First Post
Honestly, I see no point in asking Martial characters to be limited to real-world limitations. Doing so not only breaks with almost every one of the traditions of fantasy and myth D&D is based on, it causes D&D's own world to stop making sense. It is also a lot less fun.

I mean, look at the monsters a mid- to high-level character has to fight in D&D. Sphinxes, Chimeras, Dragons, Demons... A real-world human would be very hard-pressed to safely fight off a lion or bear with a melee weapon, but those creatures are quite low-level D&D opponents, and the monsters a D&D Fighter has to stand toe-to-toe with make lions and bears look like lazy kittens. A D&D Fighter is expected to use a sword to stab towering beasts with ironlike hide and ludicrously unnatural strength. Beyond that, they're expected to win.

By the very nature of the game and the foes they must face, D&D Fighters (and other Martial characters) are in the same league as the great heroes of myth, not average real-world people. They're in the company of people like the heroes of ireland, whose battles are given as the origin for much of that country's geography. Or King Arthur, who kills dragons using nothing more than sword, spear, and a good horse, and can fight off the Roman Empire while exhausted from a previous battle (at the age of nearly 100, no less). And those characters would only be mid-level in D&D terms! The true Epic Tier heroes of myth (the ones who actually fight Demon Lords) are more inclined to perform feats like jumping the length of a country while carrying a mountain on their backs.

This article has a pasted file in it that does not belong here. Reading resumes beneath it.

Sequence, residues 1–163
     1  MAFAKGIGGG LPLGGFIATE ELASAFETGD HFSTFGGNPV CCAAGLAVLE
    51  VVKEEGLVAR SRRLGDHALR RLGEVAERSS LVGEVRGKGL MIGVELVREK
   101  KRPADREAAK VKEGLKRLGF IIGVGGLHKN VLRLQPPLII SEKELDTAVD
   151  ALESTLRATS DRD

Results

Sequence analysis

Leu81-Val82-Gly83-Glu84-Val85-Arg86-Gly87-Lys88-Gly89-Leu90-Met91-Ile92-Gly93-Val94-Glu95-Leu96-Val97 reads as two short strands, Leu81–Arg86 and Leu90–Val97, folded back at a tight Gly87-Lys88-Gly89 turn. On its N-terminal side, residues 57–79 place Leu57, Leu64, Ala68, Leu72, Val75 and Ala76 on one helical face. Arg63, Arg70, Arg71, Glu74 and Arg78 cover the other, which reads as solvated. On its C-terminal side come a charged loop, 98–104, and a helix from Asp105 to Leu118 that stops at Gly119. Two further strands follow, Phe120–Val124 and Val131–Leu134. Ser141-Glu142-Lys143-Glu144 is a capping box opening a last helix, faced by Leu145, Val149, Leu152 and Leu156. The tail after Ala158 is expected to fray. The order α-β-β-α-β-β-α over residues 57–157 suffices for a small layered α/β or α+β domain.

Anyways, I see no point in using real world physics or physical limitations to describe D&D characters. After all, doing so is little more than a double standard. According to real world physics, gryphons couldn't fly, giant insects would die of oxygen deprivation, and giants would shatter their own bones with their body weight. None of these creatures use magic to justify their existence in D&D, so why should powerful Fighters?


First Post
Diomedes bloodied and chased gods off the battlefield at Troy. Gods, mind you. He was an angry Greek Soldier of Legend with a big spear having survived 9 years of siege warfare (and raking in massive XP from slaughtering an entire camp of Trojan allies in their sleep alongside Odysseus too, come to think of it).

Yet he was still an also-ran to Achilles, Hector, and Agamemnon in terms of commanding the battlefield - never-mind heroes of non-Homeric legend like Heracles or Perseus.

Seriously. Most of these guys didn't even have +1 weapons (bronze garbage outside of the stuff Achilles got) or anything better than leather armor and a bronze helmet.

- Marty Lund